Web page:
Maharashtra Govt Ban On School Fee Hike Prospective; Won't Apply To Schools Which Fixed Fee Before May 8, 2020 : Bombay HC
The Bombay High Court has asked Maharashtra state government to deal with complaints regarding fee hike in schools on a case-to-case basis, while disposing off a clutch of petitions by private unaided schools challenging a Government Resolution from May 8, 2020. The GR barred private unaided schools from increasing their fees for the academic year 2020-21, in view of the...
The Bombay High Court has asked Maharashtra state government to deal with complaints regarding fee hike in schools on a case-to-case basis, while disposing off a clutch of petitions by private unaided schools challenging a Government Resolution from May 8, 2020. The GR barred private unaided schools from increasing their fees for the academic year 2020-21, in view of the pandemic.
A division bench of Chief Justice Dipankar Datta and Justice GS Kulkarni left open the question about validity of such a resolution being passed by the government, but clarified that the GR is prospective in nature and would not affect cases where the fee was fixed and accepted before the GR.
The order implies the GR is still in force.
The bench has further said that in case a complaint is received by the State or suo motu cognisance is taken against a school, the management shall not debar or withhold results of its students till the complaint is decided. It clarified that the directions are only for the increased component of fees for 2020-21.
The bench has further said that all action taken against the petitioner schools pursuant to the 2020 GR, would stand withdrawn, but that would not stop the State from taking any action in the future.
"We are of the opinion that interest of justice would be sufficiently served if the State considers the issues in regard to each of such educational institutions, on case to case basis, in the event any application/complaint is received by the State, against any institution of violation by such institution of any of the provisions of the 2011 Act, read with the provisions of the Amendment Act, 2018 or the Government Resolution dated 8th May 2020, or even suo motu upon receipt of any information in that behalf," the bench observed.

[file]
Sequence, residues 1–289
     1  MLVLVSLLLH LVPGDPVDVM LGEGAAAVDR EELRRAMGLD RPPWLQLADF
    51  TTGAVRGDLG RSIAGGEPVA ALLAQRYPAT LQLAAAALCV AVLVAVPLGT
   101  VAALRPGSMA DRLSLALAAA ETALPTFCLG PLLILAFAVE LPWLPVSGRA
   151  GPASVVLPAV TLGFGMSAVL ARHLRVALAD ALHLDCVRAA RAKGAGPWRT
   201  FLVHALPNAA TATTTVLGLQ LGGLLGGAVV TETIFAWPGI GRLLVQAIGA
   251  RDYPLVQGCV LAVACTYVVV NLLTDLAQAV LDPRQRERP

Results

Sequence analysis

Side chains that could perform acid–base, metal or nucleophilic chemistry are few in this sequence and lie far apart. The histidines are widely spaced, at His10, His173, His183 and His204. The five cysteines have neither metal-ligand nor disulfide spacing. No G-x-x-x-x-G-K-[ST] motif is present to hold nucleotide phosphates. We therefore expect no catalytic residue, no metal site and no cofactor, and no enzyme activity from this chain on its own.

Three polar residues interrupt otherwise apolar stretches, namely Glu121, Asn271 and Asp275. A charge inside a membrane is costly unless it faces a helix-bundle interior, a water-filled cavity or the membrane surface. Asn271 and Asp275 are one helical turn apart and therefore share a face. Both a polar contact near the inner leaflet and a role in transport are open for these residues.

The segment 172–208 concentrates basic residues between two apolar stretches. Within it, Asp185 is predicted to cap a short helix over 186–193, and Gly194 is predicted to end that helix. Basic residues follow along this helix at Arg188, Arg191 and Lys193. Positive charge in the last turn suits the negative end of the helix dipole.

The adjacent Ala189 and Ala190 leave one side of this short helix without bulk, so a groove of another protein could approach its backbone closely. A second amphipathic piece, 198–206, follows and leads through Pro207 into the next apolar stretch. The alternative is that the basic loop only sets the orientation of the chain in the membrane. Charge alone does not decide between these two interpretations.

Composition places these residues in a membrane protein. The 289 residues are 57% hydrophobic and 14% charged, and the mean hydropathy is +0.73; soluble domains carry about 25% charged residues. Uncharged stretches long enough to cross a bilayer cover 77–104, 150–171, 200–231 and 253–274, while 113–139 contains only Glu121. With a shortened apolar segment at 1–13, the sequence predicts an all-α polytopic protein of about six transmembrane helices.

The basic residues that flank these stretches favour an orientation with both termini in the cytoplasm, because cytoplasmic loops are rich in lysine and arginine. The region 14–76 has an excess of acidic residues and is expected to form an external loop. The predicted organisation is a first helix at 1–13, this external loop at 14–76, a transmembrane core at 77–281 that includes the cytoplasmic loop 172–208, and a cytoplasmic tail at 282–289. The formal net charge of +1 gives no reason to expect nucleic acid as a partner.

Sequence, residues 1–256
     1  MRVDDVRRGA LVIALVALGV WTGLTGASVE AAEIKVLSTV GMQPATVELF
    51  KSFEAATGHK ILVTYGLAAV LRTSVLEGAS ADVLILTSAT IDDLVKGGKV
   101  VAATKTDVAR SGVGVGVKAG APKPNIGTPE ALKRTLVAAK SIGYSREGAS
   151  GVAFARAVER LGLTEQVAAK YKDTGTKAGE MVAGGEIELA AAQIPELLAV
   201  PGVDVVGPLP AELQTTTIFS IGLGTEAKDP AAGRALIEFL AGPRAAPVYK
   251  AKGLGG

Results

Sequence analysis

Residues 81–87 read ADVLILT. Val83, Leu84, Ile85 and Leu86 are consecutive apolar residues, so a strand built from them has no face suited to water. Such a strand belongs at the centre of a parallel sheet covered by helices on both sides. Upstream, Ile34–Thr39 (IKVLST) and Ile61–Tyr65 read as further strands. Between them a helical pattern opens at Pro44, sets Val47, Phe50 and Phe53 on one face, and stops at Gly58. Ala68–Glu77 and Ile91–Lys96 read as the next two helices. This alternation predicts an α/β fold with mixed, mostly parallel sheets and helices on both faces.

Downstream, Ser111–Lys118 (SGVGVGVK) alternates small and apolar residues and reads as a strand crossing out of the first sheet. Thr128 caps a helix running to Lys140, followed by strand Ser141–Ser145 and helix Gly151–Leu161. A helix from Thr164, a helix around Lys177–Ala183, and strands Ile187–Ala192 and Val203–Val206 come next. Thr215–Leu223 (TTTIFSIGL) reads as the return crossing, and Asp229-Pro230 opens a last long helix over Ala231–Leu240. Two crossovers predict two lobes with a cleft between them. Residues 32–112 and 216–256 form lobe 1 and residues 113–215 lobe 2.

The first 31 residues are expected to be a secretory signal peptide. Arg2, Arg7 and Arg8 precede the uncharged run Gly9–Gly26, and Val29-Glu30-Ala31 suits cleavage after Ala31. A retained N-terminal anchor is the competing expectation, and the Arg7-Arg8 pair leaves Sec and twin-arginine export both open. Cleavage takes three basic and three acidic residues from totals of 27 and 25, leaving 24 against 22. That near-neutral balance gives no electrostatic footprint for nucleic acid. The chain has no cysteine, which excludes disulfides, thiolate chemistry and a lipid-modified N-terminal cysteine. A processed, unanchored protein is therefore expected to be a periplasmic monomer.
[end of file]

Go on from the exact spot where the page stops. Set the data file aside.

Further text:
The Association of Indian Schools and several others had approached the HC challenging the GR passed under the Disaster Management Act, owing to the pandemic.
The challenge revolved around the applicability of the provisions of Maharashtra Educational Institutions (Regulations of Fee) Act, 2011 and the amended provisions, namely Sections 6(1A), 6(1B) and 6(1C) brought about by the Maharashtra Educational Institutions (Regulation of Fee) (Amendment) Act, 2018. The latter deals with conditions of fee hike, directing schools to inform parents at least one academic year in advance before increasing the fee.
In June, last year, the HC had stayed the GR and the Supreme Court had subsequently sent the case for expeditious disposal, on a plea by the State.
On Monday, the HC vacated the stay.
Senior Advocate Anil Anturkar, for the State, along with Government Pleader PP Kakade, submitted that the GR was applicable prospectively only to those schools where the fee had not already been fixed or admission process had not been initiated.
The schools said that if the GR is applicable only prospectively, one part of their argument was taken care of, especially since all the schools had already decided the fee structure well before the Government Resolution.
The State, however, disputed the fact that all the schools had increased their fee in accordance with provisions of the Act.
The bench therefore said it may not be necessary to decide the petitions based on the prayers and educational authorities can decide complaints against educational institutions under the 2011 Act read with the Amendment Act, 2018 and the May 8, 2020 GR with regards to the school fees.
"The Government Resolution dated 8th May, 2020 is only prospective in nature and cannot apply to schools which have already fixed/declared their fee for the Academic Year 2020-2021 and/or where such fees are duly accepted in terms of the 2011 Act as amended and/or has been acted upon before the Resolution dated 8th May, 2020," the bench said.
The Court clarified that their decision cannot be misconstrued as a direction for refund.
The court also held that the State may take action against a school under the Act, but has kept the contention open whether the State has the power to conduct such an inquiry. The bench said that the school should be given 4 weeks' time to challenge an adverse order.
"The protection to parents in respect of the Academic Year 2020-2021 shall apply only in the event there is an increase in fees fixed in the Academic Year 2020-2021 from the fees fixed in the Academic Year 2019-2020 and even in such a case only in respect of the increased component of fees and not the entire fees."